>I am sure the type of dog was a "new" German breed with standard recognized
>by the authorities ad hoc.
>The name had something of a area or town or community in it.
>The dog was, if i remember well, a crossing of 2 different breeds.
>The long-hairtype had something of a Griffon or a "Boomer" (from TV).
>I hope this brings you somehat closer.....
>Thanks in advance
Kromfohrlander is a "new" German breed, it is a cross between two
breeds and it comes in two coat types - but doesn't look at all like a
The parent breeds are wire-haired Fox terrier and some kind of hunting
Griffon (Bretagne Griffon?), and it got its full breed status
sometimes after WWII - in 50's, I guess. The name comes from area
named Krom Fohr (or Krumme Furche?). Kromfohrlanders look like big,
light Fox Terriers and they are white with tan, sable or yellow
spotting. One coat type is wire and rather short, the other is longer
and softer-looking. They are used as hunting dogs and they are said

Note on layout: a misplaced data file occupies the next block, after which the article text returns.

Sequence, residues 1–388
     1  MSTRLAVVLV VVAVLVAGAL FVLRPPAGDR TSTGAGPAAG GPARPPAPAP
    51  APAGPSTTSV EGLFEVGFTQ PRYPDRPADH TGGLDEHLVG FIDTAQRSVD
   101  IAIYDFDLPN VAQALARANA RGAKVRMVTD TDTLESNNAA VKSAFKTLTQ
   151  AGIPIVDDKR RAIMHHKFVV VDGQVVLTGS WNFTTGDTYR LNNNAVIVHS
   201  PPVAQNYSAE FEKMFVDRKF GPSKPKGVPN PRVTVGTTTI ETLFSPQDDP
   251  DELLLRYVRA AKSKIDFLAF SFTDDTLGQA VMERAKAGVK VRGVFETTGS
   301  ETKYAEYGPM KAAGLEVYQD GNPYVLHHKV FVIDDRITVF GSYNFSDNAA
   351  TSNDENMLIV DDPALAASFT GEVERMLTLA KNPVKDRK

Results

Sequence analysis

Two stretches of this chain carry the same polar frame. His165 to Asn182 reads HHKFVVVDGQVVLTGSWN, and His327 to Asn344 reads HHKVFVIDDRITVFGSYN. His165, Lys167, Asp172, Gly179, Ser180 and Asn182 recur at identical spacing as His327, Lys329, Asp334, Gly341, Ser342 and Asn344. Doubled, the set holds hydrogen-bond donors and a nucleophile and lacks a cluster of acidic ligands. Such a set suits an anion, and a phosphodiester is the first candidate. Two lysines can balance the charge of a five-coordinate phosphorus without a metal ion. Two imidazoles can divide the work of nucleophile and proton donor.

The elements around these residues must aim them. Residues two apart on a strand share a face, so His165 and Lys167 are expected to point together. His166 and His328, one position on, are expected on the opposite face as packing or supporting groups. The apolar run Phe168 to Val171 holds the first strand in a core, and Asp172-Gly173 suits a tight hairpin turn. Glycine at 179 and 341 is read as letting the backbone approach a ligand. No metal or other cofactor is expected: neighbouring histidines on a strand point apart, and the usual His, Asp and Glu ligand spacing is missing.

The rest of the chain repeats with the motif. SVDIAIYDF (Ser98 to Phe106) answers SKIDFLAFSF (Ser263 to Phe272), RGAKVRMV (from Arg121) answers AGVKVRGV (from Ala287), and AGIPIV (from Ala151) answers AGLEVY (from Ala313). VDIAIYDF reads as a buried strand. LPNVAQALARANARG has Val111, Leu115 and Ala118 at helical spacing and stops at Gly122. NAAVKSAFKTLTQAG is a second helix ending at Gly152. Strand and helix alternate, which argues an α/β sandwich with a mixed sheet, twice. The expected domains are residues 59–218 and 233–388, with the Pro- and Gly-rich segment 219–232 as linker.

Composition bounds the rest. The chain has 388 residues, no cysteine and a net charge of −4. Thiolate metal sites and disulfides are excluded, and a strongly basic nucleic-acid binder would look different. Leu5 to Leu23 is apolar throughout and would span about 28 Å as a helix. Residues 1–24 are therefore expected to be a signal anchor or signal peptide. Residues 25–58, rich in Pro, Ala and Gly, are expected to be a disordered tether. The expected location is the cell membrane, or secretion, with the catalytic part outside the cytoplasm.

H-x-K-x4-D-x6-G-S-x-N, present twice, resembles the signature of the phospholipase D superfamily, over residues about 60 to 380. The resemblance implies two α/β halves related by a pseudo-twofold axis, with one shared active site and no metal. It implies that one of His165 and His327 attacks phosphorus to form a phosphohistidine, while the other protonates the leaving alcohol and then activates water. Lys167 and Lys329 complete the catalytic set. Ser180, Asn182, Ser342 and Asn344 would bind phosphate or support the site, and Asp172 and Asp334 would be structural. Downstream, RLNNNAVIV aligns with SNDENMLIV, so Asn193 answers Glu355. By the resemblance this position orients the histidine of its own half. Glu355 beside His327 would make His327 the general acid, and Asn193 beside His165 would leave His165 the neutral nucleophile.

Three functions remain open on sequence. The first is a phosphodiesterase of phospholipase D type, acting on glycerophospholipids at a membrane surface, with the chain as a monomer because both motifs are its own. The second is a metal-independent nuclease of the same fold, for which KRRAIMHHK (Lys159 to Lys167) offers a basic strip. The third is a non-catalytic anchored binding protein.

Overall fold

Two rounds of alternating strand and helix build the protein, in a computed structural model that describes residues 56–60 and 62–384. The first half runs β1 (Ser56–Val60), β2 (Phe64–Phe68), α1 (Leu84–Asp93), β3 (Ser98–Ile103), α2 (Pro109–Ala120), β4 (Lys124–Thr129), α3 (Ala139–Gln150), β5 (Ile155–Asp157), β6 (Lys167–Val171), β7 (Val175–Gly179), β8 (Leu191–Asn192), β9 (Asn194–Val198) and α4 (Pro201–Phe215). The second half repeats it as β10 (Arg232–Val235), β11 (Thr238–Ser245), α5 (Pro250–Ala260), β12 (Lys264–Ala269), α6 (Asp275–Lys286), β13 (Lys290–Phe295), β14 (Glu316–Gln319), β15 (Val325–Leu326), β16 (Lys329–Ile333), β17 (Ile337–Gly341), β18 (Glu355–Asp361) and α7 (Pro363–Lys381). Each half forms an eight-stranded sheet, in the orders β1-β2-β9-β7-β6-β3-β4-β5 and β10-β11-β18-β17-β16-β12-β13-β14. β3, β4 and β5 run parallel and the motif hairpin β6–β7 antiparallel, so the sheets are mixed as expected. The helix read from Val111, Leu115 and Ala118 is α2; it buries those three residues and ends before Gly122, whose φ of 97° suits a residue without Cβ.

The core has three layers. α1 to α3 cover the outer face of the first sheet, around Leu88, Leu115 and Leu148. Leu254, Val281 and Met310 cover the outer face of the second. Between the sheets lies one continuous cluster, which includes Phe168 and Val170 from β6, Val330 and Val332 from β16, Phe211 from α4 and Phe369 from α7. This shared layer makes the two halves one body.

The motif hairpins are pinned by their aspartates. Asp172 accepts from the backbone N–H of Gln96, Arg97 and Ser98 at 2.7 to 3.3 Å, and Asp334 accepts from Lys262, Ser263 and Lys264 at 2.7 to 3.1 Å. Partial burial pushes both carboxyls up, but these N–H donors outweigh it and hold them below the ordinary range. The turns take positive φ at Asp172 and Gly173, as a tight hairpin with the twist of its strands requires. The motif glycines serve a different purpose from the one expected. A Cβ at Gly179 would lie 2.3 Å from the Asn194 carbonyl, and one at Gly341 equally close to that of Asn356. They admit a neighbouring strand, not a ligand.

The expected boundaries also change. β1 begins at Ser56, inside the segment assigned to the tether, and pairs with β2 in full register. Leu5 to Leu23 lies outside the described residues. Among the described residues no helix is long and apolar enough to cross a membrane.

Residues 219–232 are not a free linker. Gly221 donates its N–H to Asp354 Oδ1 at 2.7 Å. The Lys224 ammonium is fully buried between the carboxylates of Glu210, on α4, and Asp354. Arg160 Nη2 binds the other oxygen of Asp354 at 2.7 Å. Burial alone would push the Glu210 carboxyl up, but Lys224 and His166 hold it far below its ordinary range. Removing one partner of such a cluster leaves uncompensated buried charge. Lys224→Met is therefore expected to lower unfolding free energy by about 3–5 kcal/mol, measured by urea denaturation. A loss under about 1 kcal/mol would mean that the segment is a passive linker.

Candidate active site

to make rather nice (but active!) pets.
I have no idea what a "Boomer from TV" is.
Official kennel clubs don't accept new breeds easily here in FCI
countries, especially if the breed is just a cross of two existing
breeds and doesn't come from old local type ("landrace"). But
numerous local types still don't have a full breed status, and many of
them are not too mixed to be "saved". Some are already gone, like the
Suursaari Seal Dog, a spitz-type dog specially for seal hunting
(probably the only such breed/type in the world?) although some people
here in Finland are right now trying to re-create its close relative,